MM: There could be some of that. It’s still that way today if you look at record reviews and readers’ polls. I think part of it is that from an early age Bill wanted to make a lot of different music. He didn’t just want to survive by touring with bands; he was more interested in his own musical research that he knew wasn’t going to be commercially viable, so he looked for teaching jobs. He told me that he wrote like sixty letters to colleges and got rejected every time until he got this job in L.A. He then hooked up with the guy who ran the label Contemporary Records named Lester Koenig, who commissioned the concerto and a piece called “Divertimento” that Smith recorded with the vibraphonist Red Norvo. He was pretty much teaching all the time, and so if he had been on the road and in New York all the time and kept on playing with Brubeck, he would have totally been more known.

TJG: How did you first come across his music and what about the music pulled you into it?

MM: David Garland is the WNYC host of “Spinning on Air” and he knows more music than anyone. He had Bill Smith on his show and did a profile of his music. He played about a minute of the clarinet concerto, but just from hearing that minute, I was so into it. I thought it was really melodic and fun and he found a way to use this language of what people label “cool jazz” or “third stream” that went beyond those labels. When people say “third stream,” to me that implies people consciously trying to make something that fits into that label, whereas I don’t feel that it’s all that organic. Bill’s concerto doesn’t sound like it’s trying to be classical—it’s swinging and it’s improvising and it really grooves. To make the form longer, he uses a lot of these traditional classical techniques, like reversing and inverting and canon, but you don’t really notice it. It gives it this cool structure and forward motion, but it’s not like, “Oh! Here’s the development!” or “Look! He did that in a canon!” That’s how I think it blends styles in the best way.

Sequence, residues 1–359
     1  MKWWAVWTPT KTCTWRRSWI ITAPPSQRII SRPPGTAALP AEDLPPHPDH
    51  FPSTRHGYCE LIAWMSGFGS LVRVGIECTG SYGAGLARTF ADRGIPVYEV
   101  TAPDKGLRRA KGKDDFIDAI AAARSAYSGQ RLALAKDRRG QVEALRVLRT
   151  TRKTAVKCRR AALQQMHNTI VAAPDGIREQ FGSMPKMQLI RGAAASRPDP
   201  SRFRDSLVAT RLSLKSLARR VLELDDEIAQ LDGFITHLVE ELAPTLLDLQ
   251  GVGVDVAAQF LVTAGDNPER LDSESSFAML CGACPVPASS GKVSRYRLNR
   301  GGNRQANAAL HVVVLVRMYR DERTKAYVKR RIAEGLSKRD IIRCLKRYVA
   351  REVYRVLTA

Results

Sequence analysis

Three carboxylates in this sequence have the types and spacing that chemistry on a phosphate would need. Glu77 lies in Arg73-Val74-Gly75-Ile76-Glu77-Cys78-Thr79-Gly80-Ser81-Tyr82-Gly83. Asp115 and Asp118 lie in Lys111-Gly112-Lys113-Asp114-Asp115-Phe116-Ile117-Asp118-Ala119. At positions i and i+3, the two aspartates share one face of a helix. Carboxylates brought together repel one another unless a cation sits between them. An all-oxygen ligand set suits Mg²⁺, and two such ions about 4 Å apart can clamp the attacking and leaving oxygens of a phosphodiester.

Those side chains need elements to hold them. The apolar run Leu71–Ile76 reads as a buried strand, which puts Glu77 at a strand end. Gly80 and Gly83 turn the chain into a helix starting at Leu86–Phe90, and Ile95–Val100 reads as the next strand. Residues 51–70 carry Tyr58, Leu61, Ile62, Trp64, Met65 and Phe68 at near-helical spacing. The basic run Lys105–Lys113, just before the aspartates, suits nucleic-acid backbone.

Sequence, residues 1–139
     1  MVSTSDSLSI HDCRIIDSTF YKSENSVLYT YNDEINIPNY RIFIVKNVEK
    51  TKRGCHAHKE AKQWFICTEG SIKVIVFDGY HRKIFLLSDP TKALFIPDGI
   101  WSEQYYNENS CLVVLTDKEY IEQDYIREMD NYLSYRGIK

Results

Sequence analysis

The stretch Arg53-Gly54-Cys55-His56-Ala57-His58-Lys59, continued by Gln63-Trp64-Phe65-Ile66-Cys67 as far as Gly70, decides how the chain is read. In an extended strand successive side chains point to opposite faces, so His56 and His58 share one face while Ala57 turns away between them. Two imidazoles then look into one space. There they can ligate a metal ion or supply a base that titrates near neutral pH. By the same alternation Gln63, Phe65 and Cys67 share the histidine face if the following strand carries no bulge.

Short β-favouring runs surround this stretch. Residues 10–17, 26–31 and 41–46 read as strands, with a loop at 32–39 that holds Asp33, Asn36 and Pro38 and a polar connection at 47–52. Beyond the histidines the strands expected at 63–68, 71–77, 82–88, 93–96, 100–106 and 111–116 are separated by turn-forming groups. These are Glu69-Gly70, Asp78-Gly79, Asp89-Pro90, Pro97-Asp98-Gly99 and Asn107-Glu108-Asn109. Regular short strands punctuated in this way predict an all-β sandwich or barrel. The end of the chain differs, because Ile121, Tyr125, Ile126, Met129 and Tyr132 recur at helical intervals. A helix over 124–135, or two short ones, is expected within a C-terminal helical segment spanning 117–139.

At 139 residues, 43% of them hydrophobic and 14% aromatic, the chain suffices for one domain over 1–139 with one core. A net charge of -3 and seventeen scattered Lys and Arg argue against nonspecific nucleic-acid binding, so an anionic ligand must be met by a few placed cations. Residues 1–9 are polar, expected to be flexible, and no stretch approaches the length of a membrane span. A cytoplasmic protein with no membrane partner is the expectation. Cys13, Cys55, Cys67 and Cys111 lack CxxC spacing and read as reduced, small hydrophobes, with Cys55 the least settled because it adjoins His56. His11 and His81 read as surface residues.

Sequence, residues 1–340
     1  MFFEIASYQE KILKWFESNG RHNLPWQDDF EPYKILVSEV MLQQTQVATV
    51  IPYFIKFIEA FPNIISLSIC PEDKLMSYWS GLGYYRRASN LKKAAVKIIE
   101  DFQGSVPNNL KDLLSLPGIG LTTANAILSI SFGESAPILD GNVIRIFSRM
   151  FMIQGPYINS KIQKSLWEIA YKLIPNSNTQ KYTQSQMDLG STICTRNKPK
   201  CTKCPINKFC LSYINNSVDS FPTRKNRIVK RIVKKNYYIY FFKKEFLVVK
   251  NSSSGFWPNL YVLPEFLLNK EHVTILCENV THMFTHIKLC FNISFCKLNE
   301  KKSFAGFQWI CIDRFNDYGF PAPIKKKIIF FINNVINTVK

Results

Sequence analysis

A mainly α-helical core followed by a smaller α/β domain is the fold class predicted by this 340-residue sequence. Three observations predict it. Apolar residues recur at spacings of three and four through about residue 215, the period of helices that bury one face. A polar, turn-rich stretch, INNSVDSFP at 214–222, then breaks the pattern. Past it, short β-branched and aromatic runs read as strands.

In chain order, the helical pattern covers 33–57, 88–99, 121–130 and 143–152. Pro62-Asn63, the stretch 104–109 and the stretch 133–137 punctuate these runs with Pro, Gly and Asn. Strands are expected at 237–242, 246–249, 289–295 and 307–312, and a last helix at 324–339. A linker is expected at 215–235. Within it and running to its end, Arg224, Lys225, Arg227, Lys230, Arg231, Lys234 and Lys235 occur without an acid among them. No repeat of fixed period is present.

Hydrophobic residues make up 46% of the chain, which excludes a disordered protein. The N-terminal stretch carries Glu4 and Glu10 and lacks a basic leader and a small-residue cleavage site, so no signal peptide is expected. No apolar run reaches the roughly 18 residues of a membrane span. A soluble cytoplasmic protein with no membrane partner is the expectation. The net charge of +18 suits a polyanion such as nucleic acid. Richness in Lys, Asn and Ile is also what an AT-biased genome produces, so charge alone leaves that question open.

I consider the four pillars of midcentury jazz clarinet to be Jimmy Giuffre, Bill, Buddy DeFranco, and Tony Scott. They had a lot of technical facility, they explored a lot of different music. Bill can stand alone in that category and then he can stand alone among classical composers like Robert Dick. When Bill plays his music, it doesn’t sound like some guy “swingin’ the classics” or something. Because of the way he uses harmony, and the way he colors and voices things, you could totally convince someone that it was written in the ’80s or ’90s. He’s also doing this stuff with phrasing across the bar lines that doesn’t sound inorganic at all.

That’s why when I heard it, it was like BAM—I wanted to hear the rest of it. I saw that it was published, so I got it. I saw that the clarinet part was all chord changes: you have to fill in the gaps. The first time I played it, I felt that I didn’t even know what I was doing and I was running into phrases different ways—it was like I didn’t know how to drive this thing. It sounded like this really cool piece with someone on top of it messing it up.

Then I got a chance to meet Bill in Seattle. I said I was trying to play the concerto and so we went and he played the piano; I had the part and we just went through the whole thing. He didn’t necessarily say anything like, “This needs to be done this way,” but gave instructions in a way that made me think a little more about how he thought about performing it. Throughout, there are suggestions of what you can do. It’s almost like a series of questions you have to solve, or a little obstacle course.